Flagstaff, AZ – Earth Notes: Energy Conservation II: Solar Water Heating
This week Earth Notes continues its series on energy conservation with a look at a technology perfectly suited to the Southwest, with its abundance of sunny days. One relatively easy way to take advantage of that free energy is to install a solar water heater.
Solar water heaters replace conventional gas or electric heaters in supplying hot water for showers, washing dishes and doing laundry.
In sunny areas, the sun can provide 80 percent of a household's annual water heating needs. In Israel 90 percent of houses use solar water heaters. Hawaii has required all new homes to have solar water heaters installed by 2010.
Unlike those warmer climates, much of the Southwest experiences cold temperatures. But new solar water heater systems take freezing conditions into consideration.
One family outside Flagstaff, the Greens, have installed a system perfectly suited to northern Arizona's cold winters. Water is circulated to the roof and heated in pipes in two flat glass insulated panels.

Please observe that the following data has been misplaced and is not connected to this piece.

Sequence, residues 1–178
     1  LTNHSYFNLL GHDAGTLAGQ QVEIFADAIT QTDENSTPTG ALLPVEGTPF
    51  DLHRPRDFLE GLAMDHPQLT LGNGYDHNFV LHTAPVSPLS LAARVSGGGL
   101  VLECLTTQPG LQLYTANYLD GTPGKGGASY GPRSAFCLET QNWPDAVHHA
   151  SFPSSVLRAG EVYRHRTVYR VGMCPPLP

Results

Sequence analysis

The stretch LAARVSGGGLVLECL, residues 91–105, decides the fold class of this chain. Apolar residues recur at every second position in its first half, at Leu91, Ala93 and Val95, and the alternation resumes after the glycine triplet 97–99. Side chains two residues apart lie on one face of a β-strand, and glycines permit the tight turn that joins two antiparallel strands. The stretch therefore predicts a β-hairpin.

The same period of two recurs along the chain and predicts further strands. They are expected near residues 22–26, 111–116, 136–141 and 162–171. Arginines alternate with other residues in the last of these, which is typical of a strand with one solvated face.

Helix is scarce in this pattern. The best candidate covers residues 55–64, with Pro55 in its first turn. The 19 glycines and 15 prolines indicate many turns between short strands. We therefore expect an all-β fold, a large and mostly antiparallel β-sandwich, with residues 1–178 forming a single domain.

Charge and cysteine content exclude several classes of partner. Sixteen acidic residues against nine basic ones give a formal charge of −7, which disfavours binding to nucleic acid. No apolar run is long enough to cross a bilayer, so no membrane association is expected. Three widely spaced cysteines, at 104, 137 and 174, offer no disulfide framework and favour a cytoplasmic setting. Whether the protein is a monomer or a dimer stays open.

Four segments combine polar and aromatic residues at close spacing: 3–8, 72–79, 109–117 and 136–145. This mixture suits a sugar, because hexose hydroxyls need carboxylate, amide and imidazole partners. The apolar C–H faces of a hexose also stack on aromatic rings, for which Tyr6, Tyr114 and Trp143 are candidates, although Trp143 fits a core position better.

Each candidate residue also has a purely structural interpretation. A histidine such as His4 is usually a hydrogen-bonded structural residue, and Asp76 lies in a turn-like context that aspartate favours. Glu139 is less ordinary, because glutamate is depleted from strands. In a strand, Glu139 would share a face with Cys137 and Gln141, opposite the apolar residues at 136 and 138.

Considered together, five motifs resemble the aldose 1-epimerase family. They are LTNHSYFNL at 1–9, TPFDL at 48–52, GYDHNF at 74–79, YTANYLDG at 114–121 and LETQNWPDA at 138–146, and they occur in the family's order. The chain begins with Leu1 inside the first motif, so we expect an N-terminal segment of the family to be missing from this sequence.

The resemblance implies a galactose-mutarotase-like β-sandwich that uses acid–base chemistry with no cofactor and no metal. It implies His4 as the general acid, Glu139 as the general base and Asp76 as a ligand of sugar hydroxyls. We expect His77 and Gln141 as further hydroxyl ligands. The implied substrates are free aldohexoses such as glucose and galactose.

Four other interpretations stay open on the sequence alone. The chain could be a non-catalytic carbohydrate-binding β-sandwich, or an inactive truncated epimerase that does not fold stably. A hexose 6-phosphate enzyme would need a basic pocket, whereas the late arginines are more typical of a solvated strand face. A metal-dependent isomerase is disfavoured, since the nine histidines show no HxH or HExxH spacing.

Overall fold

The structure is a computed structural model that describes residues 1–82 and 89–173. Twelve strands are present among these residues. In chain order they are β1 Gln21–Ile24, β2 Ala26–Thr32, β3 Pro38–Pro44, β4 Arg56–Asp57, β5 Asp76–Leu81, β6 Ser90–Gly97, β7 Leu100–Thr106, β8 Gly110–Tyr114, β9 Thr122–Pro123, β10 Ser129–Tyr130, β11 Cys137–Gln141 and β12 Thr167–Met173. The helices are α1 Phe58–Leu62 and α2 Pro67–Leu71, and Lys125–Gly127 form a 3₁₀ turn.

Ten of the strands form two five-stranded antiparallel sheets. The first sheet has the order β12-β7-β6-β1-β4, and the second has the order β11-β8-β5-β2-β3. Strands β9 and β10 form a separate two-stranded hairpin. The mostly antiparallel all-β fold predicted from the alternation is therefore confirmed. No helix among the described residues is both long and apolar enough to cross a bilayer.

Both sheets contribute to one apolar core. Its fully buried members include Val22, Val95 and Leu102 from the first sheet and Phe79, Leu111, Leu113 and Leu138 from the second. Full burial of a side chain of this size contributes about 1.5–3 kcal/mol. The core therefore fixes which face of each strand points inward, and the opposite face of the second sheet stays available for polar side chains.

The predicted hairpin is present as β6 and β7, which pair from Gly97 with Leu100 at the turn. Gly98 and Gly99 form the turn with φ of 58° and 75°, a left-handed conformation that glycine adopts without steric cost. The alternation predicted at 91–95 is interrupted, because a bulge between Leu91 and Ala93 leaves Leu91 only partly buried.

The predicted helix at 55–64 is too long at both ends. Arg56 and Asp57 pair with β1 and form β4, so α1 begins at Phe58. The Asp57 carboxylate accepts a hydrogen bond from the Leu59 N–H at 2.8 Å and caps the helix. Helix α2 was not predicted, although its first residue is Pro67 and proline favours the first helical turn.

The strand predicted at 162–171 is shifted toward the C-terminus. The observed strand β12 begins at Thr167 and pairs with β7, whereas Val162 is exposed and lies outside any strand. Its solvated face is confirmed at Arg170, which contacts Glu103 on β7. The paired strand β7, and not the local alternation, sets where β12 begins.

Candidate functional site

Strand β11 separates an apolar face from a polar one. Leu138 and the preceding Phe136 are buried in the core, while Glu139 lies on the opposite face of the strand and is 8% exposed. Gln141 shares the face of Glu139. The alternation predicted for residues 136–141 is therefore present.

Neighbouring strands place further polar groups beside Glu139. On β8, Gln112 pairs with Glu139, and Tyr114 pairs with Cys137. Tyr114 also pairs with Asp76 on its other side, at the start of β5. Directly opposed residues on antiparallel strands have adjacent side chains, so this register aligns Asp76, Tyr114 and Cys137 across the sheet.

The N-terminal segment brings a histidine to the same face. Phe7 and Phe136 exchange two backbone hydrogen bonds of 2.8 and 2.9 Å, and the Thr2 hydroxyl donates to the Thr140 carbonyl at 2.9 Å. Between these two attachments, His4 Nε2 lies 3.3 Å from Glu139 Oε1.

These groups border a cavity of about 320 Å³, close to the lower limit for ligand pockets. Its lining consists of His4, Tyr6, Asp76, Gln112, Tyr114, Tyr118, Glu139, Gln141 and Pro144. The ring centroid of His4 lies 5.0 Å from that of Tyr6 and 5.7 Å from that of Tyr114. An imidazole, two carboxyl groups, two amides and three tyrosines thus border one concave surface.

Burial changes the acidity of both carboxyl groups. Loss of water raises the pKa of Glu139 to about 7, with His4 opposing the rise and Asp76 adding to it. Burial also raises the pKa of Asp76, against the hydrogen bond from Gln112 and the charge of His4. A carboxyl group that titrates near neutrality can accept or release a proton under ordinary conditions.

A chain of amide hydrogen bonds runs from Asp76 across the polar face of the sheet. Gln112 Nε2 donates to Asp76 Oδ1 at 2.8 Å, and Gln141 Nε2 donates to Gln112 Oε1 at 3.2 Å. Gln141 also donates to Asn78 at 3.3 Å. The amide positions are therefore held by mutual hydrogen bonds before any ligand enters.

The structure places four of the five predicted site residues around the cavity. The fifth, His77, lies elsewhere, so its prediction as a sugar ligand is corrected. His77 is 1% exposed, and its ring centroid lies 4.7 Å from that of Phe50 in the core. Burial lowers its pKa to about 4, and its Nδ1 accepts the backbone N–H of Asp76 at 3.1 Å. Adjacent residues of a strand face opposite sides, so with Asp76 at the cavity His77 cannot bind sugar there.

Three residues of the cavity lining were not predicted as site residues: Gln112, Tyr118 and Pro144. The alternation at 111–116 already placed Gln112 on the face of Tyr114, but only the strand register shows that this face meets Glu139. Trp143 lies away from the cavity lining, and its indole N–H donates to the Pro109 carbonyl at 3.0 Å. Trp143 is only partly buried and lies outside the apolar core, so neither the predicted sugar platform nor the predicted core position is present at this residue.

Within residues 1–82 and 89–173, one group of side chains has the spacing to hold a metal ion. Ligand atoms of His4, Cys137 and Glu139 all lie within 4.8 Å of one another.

If the outside temperature drops below a certain level, all the water drains from the roof into a holding tank, keeping pipes from freezing. So far the Greens have not had to switch to electricity to heat their water, even during the cloudy monsoon season.
They view their system as the first, affordable step toward completely converting to solar energy. And some Arizona residents may qualify for a solar energy tax credit by installing a solar water heater.
Next week, we'll look at energy savings in the kitchen.